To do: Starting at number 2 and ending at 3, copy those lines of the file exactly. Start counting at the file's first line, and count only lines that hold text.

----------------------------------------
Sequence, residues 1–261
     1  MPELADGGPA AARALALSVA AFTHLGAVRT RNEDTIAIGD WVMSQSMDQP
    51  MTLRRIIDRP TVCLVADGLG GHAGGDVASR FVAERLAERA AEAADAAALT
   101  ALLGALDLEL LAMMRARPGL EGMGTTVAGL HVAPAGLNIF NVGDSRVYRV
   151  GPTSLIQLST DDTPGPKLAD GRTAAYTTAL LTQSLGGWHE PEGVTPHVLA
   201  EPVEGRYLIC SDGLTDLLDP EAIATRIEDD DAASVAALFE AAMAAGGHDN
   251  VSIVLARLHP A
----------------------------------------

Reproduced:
     1  MPELADGGPA AARALALSVA AFTHLGAVRT RNEDTIAIGD WVMSQSMDQP
    51  MTLRRIIDRP TVCLVADGLG GHAGGDVASR FVAERLAERA AEAADAAALT